Adult Grief After a Traumatic Death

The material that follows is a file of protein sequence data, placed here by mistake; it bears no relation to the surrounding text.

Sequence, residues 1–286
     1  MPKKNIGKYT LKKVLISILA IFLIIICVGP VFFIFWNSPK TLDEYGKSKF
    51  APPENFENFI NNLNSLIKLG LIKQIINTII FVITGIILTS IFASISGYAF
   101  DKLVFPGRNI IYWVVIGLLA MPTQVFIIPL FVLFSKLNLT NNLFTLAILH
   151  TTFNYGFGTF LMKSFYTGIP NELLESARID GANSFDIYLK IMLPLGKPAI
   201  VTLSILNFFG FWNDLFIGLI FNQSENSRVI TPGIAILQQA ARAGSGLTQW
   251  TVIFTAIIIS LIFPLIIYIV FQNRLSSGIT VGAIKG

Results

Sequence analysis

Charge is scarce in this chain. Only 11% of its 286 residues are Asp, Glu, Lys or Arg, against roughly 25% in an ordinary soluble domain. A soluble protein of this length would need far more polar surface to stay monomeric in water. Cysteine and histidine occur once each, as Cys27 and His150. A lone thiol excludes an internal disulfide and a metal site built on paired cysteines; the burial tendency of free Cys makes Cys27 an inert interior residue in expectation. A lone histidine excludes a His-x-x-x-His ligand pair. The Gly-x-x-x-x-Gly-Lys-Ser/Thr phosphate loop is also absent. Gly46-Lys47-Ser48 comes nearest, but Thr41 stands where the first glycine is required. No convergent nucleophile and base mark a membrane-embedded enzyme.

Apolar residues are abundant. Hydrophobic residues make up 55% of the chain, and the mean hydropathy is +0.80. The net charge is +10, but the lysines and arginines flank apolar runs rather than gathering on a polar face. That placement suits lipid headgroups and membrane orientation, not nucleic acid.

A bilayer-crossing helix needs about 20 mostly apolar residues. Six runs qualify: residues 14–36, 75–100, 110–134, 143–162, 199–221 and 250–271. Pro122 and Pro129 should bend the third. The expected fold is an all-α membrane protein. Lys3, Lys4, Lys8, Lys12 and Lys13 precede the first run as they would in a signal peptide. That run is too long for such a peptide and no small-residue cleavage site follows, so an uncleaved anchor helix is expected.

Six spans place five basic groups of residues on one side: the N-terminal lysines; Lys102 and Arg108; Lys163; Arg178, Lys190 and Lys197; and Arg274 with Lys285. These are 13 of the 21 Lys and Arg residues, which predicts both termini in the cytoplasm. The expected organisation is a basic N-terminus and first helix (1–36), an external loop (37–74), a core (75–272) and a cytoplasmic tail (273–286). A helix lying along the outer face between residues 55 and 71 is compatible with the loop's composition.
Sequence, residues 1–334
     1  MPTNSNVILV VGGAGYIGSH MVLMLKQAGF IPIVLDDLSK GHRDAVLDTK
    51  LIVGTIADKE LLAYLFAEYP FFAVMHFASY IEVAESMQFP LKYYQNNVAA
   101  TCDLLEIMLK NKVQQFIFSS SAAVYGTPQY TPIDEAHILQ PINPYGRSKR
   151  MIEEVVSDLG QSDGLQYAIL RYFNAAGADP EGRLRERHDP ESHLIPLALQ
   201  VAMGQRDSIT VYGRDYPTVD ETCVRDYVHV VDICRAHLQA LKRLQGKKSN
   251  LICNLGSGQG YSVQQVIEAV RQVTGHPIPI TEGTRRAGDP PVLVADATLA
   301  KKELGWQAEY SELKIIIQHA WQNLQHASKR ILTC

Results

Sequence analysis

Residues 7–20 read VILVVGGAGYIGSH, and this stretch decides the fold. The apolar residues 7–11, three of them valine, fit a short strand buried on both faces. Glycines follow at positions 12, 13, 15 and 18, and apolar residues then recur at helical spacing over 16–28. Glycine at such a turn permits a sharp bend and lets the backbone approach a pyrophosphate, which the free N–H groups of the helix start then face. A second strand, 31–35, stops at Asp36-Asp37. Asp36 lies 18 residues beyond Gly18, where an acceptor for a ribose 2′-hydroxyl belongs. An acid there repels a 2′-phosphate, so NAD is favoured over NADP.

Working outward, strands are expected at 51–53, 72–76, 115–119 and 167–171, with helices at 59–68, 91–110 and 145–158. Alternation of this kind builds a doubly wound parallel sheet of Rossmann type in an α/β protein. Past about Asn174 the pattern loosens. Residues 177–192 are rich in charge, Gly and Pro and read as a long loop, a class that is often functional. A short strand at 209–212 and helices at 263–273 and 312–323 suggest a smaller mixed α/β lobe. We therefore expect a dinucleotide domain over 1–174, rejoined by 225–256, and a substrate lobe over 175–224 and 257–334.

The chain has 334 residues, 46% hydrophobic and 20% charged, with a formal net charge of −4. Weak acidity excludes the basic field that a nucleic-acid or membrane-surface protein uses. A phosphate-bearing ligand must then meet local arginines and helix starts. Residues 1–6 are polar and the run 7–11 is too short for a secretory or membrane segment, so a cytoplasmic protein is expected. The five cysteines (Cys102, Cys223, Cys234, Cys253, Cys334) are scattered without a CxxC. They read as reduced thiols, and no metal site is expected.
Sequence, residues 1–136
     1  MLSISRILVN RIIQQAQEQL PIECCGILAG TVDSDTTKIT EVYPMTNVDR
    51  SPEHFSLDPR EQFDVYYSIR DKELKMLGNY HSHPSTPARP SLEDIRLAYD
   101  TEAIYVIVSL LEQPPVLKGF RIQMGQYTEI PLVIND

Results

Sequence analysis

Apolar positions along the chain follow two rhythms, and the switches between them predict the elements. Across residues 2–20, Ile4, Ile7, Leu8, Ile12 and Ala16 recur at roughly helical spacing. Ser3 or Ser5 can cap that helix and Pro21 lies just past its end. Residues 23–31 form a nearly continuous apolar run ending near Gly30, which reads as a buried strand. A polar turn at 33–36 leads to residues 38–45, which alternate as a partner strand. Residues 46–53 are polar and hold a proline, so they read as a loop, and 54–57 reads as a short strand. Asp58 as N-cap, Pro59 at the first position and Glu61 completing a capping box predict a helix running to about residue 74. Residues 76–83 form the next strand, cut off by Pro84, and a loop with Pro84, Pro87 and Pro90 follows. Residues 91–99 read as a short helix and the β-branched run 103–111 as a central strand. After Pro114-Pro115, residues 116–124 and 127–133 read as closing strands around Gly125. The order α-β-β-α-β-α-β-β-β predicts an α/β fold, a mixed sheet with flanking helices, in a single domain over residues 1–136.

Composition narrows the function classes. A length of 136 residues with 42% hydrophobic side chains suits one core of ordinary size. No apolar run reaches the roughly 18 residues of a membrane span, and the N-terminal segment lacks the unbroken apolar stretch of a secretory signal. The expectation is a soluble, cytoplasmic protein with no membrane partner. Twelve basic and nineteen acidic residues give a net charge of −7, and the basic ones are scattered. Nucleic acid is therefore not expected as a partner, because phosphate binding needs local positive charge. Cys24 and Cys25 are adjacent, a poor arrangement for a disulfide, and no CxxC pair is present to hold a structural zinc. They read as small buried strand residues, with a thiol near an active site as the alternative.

Helping With the Funeral or a Memorial A full church or funeral home means a great deal to the surviving family. Support is crucial during memorial rituals. Members of the family may not see you individually, but their hearts will be warmed when they see your name on the guest register. Although flowers hold immediate significance, memorials are longer lasting and may be more meaningful to the family as time goes on. Collect donations for a charity that held special meaning for the person who was killed. Start a community fund drive to pay for uninsured medical, funeral, and burial costs. Start a scholarship fund for a youth in your community in the name of the victim/survivor. Place a memorial sign at the site of the crash, accompanied by a meaningful vigil. Support the Family through the Criminal Justice Process If the substance impaired driver is charged, the family will be very appreciative of your interest in the progress of the case. It will also mean a lot to them if someone wants to attend the trial, or a portion of the trial as a symbol of support. Victim Impact Statements from friends and family may be requested from the victim/survivor to show how far-reaching the impact of the crime has been. Tips for Providing Ongoing Support The support of friends and family can mean a great deal to people who are dealing with traumatic grief. Without having experienced this type of grief, it can be difficult to know the right thing to do or say. These tips will help you help your loved one: • Help them understand that what they are going through is normal. • Know that their questions don’t have to be logical. • Give them the opportunity to talk about their feelings. • Let them feel good about seeking help. • Be there for them, even if it seems a long time has passed. The healing journey takes much longer than most people realize, and they can use your support.

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